Tuesday, November 24, 2015

Libby Prison's "Rat Hell"

Recently in class we discussed Col. Federico Cavada and his book Libby Life, which describes the time he spent in Libby Prison, one of the most notorious Confederate POW prisons in Richmond, Virginia. Prior to the Civil War, the Libby Building was used as a warehouse involved in providing supplies to the major shipping industries in the United States. Shortly after the start of the war, the building was confiscated by the Rebel Army and converted into a prison. The top 2 floors was where prisoners (usually around 1,000) were held and the 1st floor was the guard quarters. The prison was overcrowded, lacked proper sanitation, and rations (usually beef, bread, soup, potatoes, or cornbread) were in short supply. The guards did not pay too much attention to the prisoners since Libby Prison was considered impossible to escape from...

This brings us to the basement, which early on was used as a storage area and kitchen for the inmates. But, the basement became so badly infested with rats that it had to be abandoned and was given the name of "Rat Hell"!

In 1863, a group of Union officers began plans to escape. They removed a stove on the first floor and chipped their way into a chimney, creating a passage for access to the eastern basement where a tunnel could be dug from the the prison under the street to Kerr's Warehouse. There were 3 five-man digging crews, using a broken shovel and knives for tools. Most of the digging took place at night and in complete darkness...with packs of rats squealing and moving in, around, and on the men!

After several failed attempts and  weeks of digging, 109 men broke through (February 9, 1864) to the surface, coming out in a storage shed of Kerr's Warehouse. Their escape went undetected and the Confederates were not able to organize a search party for nearly 17 hours. This delay ultimately enabled 59 Union troops to escape back to the Federal Line. Of course, this escape caused much panic in all Confederate POW Prisons.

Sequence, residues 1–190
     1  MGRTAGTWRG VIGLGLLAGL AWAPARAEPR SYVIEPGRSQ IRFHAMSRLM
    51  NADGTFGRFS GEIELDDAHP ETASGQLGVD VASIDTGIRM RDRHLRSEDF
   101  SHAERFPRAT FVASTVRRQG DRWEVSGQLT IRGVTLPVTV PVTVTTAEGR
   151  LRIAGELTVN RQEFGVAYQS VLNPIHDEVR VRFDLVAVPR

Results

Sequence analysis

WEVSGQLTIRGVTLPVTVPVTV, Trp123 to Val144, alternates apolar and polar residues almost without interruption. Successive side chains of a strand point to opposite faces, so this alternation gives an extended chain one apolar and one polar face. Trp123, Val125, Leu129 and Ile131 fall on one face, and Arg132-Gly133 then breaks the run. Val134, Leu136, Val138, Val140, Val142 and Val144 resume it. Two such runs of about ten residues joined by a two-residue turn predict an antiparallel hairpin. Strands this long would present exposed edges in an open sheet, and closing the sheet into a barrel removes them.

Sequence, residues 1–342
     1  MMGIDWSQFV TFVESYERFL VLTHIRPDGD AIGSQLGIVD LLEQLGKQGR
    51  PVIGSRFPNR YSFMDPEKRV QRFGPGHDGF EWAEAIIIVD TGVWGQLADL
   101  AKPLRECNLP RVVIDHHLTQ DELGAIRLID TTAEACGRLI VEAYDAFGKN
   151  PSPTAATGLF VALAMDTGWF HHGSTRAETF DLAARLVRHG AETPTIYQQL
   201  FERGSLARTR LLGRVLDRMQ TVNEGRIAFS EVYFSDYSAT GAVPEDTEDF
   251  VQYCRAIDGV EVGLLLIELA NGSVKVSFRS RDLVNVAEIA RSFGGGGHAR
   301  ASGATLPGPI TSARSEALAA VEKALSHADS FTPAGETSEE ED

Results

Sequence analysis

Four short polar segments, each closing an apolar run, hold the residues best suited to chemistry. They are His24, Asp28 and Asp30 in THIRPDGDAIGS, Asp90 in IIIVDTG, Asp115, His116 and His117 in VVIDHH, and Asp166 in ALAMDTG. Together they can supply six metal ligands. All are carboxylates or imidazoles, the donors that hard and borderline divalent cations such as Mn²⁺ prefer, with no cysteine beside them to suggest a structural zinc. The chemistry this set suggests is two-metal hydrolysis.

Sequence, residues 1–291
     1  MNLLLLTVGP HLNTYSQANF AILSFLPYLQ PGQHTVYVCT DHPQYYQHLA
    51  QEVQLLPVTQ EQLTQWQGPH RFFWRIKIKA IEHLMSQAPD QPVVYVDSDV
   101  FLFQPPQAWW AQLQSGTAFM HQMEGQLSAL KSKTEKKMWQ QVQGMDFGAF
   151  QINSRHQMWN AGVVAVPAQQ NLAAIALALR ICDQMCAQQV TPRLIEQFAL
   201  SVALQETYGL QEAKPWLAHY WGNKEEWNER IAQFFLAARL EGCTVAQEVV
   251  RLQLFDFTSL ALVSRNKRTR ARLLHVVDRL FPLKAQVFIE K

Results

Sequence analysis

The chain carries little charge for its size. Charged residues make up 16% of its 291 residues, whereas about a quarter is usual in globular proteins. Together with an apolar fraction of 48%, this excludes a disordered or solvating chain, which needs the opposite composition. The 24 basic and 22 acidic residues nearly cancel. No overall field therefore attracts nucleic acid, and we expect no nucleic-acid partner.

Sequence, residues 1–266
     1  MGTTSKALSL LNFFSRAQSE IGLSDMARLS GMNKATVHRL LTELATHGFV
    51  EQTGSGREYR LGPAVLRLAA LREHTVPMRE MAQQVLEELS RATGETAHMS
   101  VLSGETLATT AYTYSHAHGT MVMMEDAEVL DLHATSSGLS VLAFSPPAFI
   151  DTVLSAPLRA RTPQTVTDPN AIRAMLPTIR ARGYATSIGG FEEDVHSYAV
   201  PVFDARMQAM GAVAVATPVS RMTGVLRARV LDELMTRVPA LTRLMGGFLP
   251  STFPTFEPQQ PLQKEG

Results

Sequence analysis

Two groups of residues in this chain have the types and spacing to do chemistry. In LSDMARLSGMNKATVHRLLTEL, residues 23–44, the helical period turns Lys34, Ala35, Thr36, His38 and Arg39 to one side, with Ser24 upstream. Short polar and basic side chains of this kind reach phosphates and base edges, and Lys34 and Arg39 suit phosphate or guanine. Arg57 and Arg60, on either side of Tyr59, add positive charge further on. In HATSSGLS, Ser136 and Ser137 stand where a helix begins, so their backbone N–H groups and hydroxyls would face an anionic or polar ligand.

Col. Federico Fernandez Cavada

Later, Federico Cavada joked in his book...

"...when our distracted little Commandant now comes into our rooms, he keeps his knees well together, it is necessary to be very cautious, some of us might slip out between his legs!"

Thursday, November 5, 2015

What is Africa?

 Dr. William Edward Burghardt DuBois

One of the greatest thinkers of the 20th Century, W.E.B. DuBois, was a master at posing and answering difficult questions.  He once asked (here is an excerpt) an interesting question as he pondered his humanity:

"As I turn to the east and face Africa I ask myself...What is Africa?  What is it between us that constitutes a tie which I can feel better than I can explain?"

I will leave it up to the reader of this post to dig into his answer (which I believe hints at unity, common history, social heritage, oppression/ exploitation/ violence, discrimination, segregation, insult, and systematic racism) to this question...

I am here suggesting additional questions to ponder:

What is Mexico?

What is Tibet?

What is Vietnam?

What is Nigeria?

What is El Salvador?

In other words, what is your "home" which you have no more to you?  Can this (America) be home?

I want to know your history...

I want to understand your pain...

I want to develop empathy...

I want to "stand in" your pride...

I want to know your message to the world...

I want to build this home together...

But, how could I do this by building a wall?